Chardonnay is a pain in my ass. Really it is. I’ve mentioned it before, and it’s worth mentioning again. When I lead staff tastings in retail the Chardonnay days were the only one we all feared. Why you ask? Too many wines smell of old tuna fish cans and taste even worse. OK, that is a slight exaggeration, but the truth is that there is more crappy Chardonnay out there than any other variety of wine. On the one hand are those pretty terrible examples at the bottom of the spectrum. Lord knows what’s going on there. Over-ripe fruit, under-ripe fruit, wood chips or worse, residual sugar up the wazoo to cover all the faults. At at the top of the spectrum. Well a generation of wine writers have convinced many of us that chardonnay should taste like marshmallows and caramel and feel like buttermilk in the mouth. Bleech!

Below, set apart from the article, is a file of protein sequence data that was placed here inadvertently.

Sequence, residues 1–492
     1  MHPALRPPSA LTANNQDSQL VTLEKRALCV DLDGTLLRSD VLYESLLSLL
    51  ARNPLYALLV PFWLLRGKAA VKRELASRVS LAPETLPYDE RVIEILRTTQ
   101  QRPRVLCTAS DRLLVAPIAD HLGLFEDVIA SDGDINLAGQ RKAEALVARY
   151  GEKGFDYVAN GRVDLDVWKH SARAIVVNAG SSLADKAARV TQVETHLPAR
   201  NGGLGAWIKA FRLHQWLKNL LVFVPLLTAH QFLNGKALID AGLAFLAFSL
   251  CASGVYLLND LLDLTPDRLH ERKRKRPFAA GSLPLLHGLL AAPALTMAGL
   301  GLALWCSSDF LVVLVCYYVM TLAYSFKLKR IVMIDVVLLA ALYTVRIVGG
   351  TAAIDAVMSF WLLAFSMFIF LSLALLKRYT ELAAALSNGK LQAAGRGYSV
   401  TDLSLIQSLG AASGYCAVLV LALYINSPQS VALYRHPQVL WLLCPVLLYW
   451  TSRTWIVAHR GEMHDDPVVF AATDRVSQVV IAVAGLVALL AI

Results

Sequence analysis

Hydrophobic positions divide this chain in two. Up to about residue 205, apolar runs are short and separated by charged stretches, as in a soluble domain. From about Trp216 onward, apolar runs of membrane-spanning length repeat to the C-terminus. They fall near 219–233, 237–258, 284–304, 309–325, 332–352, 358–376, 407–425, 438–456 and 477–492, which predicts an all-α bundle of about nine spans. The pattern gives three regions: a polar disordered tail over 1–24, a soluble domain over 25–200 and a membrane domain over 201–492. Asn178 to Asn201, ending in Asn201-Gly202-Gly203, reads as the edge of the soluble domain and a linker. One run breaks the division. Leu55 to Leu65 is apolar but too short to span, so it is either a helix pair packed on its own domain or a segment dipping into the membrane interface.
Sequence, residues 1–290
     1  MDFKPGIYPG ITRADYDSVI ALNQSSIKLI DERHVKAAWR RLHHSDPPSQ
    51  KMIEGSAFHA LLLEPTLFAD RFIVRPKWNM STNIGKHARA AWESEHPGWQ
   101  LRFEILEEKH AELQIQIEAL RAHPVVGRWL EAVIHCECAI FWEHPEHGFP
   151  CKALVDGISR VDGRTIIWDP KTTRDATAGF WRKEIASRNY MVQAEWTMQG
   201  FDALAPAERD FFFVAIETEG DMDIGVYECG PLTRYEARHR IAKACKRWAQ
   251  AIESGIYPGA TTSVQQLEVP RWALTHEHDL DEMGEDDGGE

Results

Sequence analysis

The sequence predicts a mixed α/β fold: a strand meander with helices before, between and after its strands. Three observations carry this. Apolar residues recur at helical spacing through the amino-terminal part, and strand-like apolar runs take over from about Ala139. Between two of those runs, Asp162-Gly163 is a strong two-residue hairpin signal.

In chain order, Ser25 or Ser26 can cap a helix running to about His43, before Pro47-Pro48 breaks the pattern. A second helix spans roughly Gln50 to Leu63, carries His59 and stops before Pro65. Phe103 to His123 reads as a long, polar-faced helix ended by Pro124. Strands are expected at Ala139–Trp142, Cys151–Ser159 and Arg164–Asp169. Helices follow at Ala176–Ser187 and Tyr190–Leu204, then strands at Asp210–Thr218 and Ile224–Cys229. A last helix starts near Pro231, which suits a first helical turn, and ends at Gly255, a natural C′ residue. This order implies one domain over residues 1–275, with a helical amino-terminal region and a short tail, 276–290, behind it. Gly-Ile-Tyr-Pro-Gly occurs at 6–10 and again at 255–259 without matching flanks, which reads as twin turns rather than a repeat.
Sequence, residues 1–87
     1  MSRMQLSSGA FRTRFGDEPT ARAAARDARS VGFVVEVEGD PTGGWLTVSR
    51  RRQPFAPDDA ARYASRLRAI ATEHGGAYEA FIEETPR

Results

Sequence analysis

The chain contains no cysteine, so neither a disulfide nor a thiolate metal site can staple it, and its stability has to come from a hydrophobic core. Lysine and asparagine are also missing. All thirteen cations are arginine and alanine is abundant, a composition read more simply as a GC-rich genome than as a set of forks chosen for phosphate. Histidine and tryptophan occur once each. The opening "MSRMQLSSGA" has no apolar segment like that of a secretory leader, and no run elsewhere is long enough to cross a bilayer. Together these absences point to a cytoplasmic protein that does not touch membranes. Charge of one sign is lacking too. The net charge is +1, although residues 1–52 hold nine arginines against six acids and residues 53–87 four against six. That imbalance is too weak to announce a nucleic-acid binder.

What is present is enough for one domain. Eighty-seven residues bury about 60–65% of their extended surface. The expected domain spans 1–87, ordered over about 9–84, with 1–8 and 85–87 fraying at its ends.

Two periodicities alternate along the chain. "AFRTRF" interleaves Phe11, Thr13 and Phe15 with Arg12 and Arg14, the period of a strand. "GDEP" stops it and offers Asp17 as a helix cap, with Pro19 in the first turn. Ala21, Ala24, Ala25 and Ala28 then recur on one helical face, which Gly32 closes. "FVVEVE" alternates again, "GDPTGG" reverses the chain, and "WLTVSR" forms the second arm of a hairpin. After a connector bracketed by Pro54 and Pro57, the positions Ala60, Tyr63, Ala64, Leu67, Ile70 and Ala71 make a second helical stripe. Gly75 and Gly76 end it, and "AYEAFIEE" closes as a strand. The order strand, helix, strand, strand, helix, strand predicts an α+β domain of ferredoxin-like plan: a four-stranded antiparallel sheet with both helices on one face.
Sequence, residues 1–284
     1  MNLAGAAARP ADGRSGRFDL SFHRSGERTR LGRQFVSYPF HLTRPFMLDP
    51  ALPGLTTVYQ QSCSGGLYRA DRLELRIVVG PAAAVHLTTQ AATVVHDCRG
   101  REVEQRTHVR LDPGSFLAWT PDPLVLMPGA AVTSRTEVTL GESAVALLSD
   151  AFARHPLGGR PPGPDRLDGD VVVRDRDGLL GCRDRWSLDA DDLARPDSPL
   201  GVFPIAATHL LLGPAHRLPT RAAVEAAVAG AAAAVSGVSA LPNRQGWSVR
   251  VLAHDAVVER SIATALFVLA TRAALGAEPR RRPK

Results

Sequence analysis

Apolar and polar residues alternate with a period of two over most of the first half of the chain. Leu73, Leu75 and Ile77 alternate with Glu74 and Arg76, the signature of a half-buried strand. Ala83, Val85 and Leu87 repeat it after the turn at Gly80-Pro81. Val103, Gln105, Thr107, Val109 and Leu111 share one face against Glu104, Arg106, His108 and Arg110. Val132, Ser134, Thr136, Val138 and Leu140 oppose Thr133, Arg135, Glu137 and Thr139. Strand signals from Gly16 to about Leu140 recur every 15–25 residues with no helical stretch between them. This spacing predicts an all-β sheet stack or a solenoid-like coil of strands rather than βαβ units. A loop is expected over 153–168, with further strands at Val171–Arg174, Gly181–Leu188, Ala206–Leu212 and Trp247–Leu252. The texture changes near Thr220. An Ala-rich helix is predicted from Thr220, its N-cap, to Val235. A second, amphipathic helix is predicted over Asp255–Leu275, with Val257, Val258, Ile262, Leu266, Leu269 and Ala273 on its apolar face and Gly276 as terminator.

So that leaves me searching through the middle for Chardonnay that tastes like Chardonnay and not a candy factory. To a certain extent these lower, but not rock-bottom, price points hold the mother load of attractive Chardonnays. The sell for prices that prevent winemakers from going too low with yields and too high with toasty new oak. There’s also a new winemaking style that prefers barrel ageing, which along with less stirring can add a lovely roundness to Chardonnay, but forgoes the use of new oak and the flavors, and textures it brings.